There was a beat, in which the small child and Dave both blinked at each other.
And then the grenade blew.
Dave claims his tears were put on for comedic effect, but to this day, we still aren’t entirely sure if that’s true.
“Relax,” I said, pushing my words out through giggles and snapping pictures. “It’s not like her face is going to melt off.”
Dave has become slightly less anxious about small children as our relationship has continued. Slightly.
He no longer wails when a small child enters his personal space bubble (now it’s more of a soft whimper). He might even go so far as to give them an experimental poke on the foot before withdrawing quickly. Watching him interact with a particularly small child is actually a bit like watching a cat playing in a cardboard box.
He coped with having my cousin’s child, Miss One, in the apartment for three days straight. He amuses my cousins children with funny noises, passing them off as magic tricks. I know that he is most likely silently cursing me for telling them in the beginning that he was a wizard, because now Miss Five expects sorcery all the time. His funny noise repertoire has been cycled through extensively. As far as I know, he’s had no more dreams about babies with melting faces.
Here’s the thing that really baffles both of us though – despite his discomfort about and around children, they love him.
Seriously, they fricken adore him.
And we cannot figure out why.
He still isn’t comfortable picking any of them up and carrying them around. He will sit beside them on the lounge or on the floor, (or he won’t move away if they come and sit by him, at least) and engage in conversation, generally initiated by the child. He will tentatively allow them to hug him, throwing panicked glances my way over their heads. He draws the line at having a child in his lap, or being kissed. He still points them in my direction for every little need that needs addressing, and pales at the thought of nappy changes or bath time. None of this bothers me. It’s important that, at the end of the day, he’s comfortable in situations with small kids tearing about the place. These things take time. Until then, baby steps (ha, get it?).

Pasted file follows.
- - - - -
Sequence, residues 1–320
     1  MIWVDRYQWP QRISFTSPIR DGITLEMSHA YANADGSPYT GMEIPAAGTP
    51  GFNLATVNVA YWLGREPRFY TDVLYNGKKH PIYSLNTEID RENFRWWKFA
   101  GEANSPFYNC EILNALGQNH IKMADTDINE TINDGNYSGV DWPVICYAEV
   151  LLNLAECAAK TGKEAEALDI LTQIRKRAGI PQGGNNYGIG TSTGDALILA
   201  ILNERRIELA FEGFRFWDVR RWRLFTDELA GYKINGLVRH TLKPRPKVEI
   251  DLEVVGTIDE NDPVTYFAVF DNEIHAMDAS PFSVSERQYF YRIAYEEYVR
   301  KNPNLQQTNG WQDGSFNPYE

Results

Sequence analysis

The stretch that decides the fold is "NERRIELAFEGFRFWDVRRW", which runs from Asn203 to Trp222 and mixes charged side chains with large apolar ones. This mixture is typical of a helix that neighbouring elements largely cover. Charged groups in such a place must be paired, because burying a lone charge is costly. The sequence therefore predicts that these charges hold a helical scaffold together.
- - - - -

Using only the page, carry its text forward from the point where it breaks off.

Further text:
Despite all this – kids flock to him. They hang off of his every word. Not only do they listen when he asks them to do a task, but they actually do it.
And they love having his attention.
My cousin’s little boy, Master Almost Three, met him for the first time last month. They instantly bonded over their t-shirts (Dave with Pokémon, and Master Almost Three with Batman). They were best friends for the rest of the evening – at one point, Master Almost Three yelled “DAVO!” across the servicemen’s club entertainment area, waving maniacally, just to ensure that Dave was still present and hadn’t abandoned him. Dave was even lured away from the adults table to play with young Master Almost Three, until he tripped and hurt his leg, and came running back to Grandma for comfort
Recently, I had my cousin’s three children at my house for the weekend. Dave was working on-call, and it was an especially busy period for him, so he was hardly at home. The girls were asleep before he got home, and he saw them briefly in the morning, before heading back in to work.
Those ten, half-asleep minutes were all that Miss Five needed.
“When is Dave coming back?” She asked me. “Can he come to McDonald’s with us? When does his work finish? Can he come to visit Nan too? Can we go and see him at work?”
Once we were at Nans, Miss Five set about very busily drawing a portrait of Dave and I in a boat, drinking chocolate milk. She then studiously copied his name onto the paper, asking for reassurance that she was using the right letters. She made it explicitly clear that this masterpiece was a gift for Dave, and I was given strict instructions to deliver it promptly.
She was very upset when she had to leave without seeing him again that day.
When I told Dave this, he fixed me with his ‘But, why?‘ expression, coupled with a baffled silence. I shrugged.
“She thinks you’re the bees knees. Oh, and she drew you this. It’s us in a boat drinking choccy milk.”
Despite himself, a small, pleased grin spilt over Dave’s face as I handed him the drawing.
“Well,” He said. “I do like chocolate milk.”